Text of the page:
This Poem was Critiqued By: Rachel F. Spinoza On Date: 2006-01-15 21:43:13
Critiquer Rating During Critique: 1.00000
As this poem could have been inspired by god - or an angel. So tense and luscious with nectar, verse, meaning. Perfect, lovely Rachel
This Poem was Critiqued By: Terry A On Date: 2006-01-14 18:13:54
Critiquer Rating During Critique: 1.00000
Tom, The very rhythm of the poem evokes the brushing, the sea. Words that evoke so much love, such depth of caring; without ever once partaking of sentimentality, or relying on pat generalization. How imagery can be infused with the feelings of love, concern and joy, dignifying every aspect of life; lending it such beauty. The few Downs' children I have been in contact with, exhibited the only pure joy I have witnessed among people on earth, absolutely untainted. To be able to express that in language,the way you have done here, is remarkable. To see into the soul of something or someone so clearly and to make it shareable, is to me, what poetry is about. No suggestions to improve this poem, it is a gem, perfect cut. Terry
This Poem was Critiqued By: DeniMari Z. On Date: 2006-01-14 17:05:54
Critiquer Rating During Critique: 9.00000
Dear Thomas, Wow, is my first thought on your poem. Exceptional piece, I'm very much in awe after reading it. You have used powerful imagery in this, specifically unique lines that add to the art of poetry and I view this as art, in it's best form. Rather than touching on each aspect of this piece, which I found to be well worth reading, I would only like to say, this will be added to my list of favorites for this month. I see absolutely nothing to enhance this in any way and feel it stands on it's own. My best to you, Denimari
This Poem was Critiqued By: Mark Steven Scheffer On Date: 2006-01-13 15:17:12
Critiquer Rating During Critique: 10.00000
Ho, This, and about the last two or three from your pen, show one of those advancements that come to a poet, just come after an accumulation of reading and crafting - growing into one's genius. As I remarked elsewhere: I have been waiting for this ( I was facetious about the "now I can get drunk" part - though whatever "excuse" handy, Wright?). You have always been a wordsmith. Now, the "vision" comes apace. I feel like the godfather at a baptism, a First Holy Communion, a Confirmation. This is just such a grand poem. The imagination that "sees" shines through it, defying matter and time. One could pick almost any stanza, but these two are spectacular: Each nerve ends in a cul-de-sac About which are built great mansions, In which live the affluent, residua Of the millennial accumulations. and This could be God, or an angel Clinging to His robe, or a knife In the heart of her old lover Watching from his black moon. You can't teach that. I always knew it was around your corner. I cannot recall - I really cannot - a single instance where I've read something here or there - outside my pantheon of Crane, Dickinson, Stevens, Shelley, but you know the list - where I've actually said, "I wish I had written that." Until now, that is. Shit, I think I WILL get drunk. After all, is if Friday. :) Your Noxie There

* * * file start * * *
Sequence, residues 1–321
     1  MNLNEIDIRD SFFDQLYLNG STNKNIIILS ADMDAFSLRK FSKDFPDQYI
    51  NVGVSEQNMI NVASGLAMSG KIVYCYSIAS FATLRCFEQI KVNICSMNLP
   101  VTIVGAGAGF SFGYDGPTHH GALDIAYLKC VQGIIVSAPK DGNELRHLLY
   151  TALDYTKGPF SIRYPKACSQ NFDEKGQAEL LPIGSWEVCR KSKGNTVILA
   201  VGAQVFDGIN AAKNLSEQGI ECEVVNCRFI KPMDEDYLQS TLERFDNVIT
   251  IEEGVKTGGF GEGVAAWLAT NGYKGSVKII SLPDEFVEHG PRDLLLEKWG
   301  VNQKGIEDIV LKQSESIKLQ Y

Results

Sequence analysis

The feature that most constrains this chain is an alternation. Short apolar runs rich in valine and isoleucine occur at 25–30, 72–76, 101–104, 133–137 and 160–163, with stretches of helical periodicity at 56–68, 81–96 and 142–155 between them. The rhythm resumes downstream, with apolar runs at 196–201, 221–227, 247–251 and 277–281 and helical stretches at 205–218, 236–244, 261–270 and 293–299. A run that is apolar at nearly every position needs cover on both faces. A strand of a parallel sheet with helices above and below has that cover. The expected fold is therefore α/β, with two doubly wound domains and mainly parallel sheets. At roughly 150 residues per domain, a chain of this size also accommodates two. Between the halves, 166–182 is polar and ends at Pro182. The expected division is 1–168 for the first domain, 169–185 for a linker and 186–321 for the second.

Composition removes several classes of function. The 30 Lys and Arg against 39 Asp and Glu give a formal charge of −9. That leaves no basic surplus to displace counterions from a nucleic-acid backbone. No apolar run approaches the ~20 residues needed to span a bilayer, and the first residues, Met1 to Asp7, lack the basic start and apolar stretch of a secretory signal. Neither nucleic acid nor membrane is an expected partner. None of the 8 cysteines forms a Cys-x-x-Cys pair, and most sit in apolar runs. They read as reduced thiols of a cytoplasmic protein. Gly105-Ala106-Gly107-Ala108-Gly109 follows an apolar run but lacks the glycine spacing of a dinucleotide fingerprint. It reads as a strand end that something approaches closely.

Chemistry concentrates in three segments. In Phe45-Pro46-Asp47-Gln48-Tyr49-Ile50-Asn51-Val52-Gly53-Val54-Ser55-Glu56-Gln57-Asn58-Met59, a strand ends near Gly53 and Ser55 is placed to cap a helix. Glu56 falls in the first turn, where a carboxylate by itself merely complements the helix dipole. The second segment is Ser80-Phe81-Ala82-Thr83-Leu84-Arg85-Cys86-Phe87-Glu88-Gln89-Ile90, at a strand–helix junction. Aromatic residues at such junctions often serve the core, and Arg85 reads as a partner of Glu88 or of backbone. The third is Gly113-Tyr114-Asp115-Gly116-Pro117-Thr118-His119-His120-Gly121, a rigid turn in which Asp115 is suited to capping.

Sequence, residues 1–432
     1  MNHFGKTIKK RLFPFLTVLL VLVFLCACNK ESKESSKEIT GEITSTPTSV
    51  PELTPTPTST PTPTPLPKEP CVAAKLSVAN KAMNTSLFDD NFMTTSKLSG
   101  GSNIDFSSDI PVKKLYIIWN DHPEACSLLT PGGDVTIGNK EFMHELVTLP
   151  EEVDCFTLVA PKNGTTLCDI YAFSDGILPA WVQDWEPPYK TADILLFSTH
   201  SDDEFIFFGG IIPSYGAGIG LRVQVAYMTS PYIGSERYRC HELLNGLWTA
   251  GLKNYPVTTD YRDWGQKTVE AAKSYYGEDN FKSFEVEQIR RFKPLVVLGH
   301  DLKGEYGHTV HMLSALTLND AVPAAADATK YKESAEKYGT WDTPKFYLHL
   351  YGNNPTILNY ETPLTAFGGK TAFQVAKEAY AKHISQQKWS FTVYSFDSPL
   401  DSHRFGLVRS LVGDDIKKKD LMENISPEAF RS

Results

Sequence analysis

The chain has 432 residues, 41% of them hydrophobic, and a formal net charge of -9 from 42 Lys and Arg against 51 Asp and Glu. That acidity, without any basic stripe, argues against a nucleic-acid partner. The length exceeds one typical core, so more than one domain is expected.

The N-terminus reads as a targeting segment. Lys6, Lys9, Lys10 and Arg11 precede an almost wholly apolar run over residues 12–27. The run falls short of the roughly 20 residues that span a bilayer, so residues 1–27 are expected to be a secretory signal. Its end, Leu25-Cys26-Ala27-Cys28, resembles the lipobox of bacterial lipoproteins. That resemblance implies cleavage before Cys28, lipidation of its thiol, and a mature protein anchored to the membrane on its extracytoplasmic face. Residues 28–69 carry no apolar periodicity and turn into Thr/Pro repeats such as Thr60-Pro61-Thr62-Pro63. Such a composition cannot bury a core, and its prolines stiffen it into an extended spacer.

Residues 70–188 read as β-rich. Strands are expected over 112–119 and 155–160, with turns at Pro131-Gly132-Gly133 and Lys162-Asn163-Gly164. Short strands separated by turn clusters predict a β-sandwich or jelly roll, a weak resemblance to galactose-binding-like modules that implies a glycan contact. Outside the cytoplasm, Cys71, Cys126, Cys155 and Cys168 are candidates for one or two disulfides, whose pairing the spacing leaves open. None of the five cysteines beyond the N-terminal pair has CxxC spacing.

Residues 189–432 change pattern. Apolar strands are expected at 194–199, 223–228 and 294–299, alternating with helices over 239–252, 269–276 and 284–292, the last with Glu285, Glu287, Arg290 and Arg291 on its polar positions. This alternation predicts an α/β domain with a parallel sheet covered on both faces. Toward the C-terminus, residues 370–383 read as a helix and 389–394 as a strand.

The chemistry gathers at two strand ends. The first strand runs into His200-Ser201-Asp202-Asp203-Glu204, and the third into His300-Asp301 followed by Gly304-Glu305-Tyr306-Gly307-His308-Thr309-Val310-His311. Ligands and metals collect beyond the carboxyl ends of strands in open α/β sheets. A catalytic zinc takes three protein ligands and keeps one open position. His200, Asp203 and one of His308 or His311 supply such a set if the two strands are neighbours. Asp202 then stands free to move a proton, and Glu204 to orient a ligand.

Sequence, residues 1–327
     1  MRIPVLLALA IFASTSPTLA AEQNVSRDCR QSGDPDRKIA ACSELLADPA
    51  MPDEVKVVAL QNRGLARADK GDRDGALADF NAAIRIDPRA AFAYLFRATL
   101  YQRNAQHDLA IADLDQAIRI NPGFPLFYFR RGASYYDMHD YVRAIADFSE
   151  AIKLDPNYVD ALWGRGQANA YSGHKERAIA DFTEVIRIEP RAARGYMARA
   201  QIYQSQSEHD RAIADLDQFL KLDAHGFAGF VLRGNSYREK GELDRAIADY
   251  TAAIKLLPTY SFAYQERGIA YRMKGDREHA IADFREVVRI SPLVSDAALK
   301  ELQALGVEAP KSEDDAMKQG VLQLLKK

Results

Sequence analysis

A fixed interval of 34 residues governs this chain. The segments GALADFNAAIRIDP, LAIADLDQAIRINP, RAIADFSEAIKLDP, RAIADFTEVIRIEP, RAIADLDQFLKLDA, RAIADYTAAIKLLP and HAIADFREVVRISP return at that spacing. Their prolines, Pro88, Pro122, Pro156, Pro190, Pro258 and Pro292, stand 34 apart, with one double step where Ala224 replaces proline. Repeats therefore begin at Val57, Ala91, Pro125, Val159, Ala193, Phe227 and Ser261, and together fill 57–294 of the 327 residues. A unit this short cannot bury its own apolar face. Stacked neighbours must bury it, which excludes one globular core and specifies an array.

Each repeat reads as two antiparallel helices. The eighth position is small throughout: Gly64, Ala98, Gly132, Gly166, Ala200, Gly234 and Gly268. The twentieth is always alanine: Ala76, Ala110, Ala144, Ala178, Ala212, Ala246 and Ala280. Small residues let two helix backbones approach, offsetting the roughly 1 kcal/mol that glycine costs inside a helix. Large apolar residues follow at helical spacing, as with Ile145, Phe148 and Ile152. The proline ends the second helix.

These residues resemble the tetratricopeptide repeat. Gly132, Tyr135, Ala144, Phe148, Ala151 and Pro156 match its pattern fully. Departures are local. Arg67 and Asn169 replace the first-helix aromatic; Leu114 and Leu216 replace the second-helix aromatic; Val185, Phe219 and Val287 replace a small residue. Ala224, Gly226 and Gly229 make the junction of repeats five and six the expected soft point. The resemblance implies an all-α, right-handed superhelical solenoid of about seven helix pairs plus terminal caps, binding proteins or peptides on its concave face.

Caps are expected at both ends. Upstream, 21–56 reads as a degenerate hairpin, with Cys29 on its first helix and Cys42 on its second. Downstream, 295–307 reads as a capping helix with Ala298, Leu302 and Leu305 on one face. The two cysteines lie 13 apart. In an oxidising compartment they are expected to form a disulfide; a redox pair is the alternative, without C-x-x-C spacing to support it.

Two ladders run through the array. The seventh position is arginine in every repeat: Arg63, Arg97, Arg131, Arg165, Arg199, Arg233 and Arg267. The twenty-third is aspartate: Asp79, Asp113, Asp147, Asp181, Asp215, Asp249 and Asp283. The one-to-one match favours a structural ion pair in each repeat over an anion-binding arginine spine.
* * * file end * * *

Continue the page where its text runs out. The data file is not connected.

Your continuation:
This Poem was Critiqued By: James C. Horak On Date: 2006-01-12 21:36:26
Critiquer Rating During Critique: 10.00000
Thomas, the best poem I've so far reviewed this month. I'm fond of onomatopoeia and you've found it the one word, "thrum". Elegant. But that's a small aspect of this wonderful poem. Elegant too is the imagery in the comparison of nerve complex responding to the tug of a brush through hair, to the intricate structures (presumably) of Victorian suburbs. Poetically turning the line, "Her day licks its bowl dry" is of the highest caliber of this craft's language while, "Breeze-pestered into motion", by far your best image, is nothing less than a superb example of image building. The third stanza/verse is my favorite, sustaining throughout one completed vision, more than one image it is an incredible unity of many. Alabaster fish test the net's strength. A nail parts a wave from its sea. The hiss of hair and the sea waves. Piously she pulls in the catch. Nothing I can say less than to applaud could be anymore than trite. The rest of the poem carries well these highlights, but in the final verse/stanza, we are brought up by "One Downs' girl" that to me, can only mean Downs Syndrome, giving the final gifted line an utter meaning, "Selling not a word of her life sentence". And the poem, a depth for which this reader was quite unprepared. I seriously doubt that a better poem will be offered this month. Most likely, this will be my voting choice. JCH
This Poem was Critiqued By: Jordan Brendez Bandojo On Date: 2006-01-12 09:24:04
Critiquer Rating During Critique: 1.00000
Hi Tom, How much this poem touches my heart! I am in tears remembering my mom who is living at our province right now. It's been more than a year that I have not seen her. Your words and phrases here are just effective to make this reader long for my mother's embrace...This would be my best poem for this month! Jordan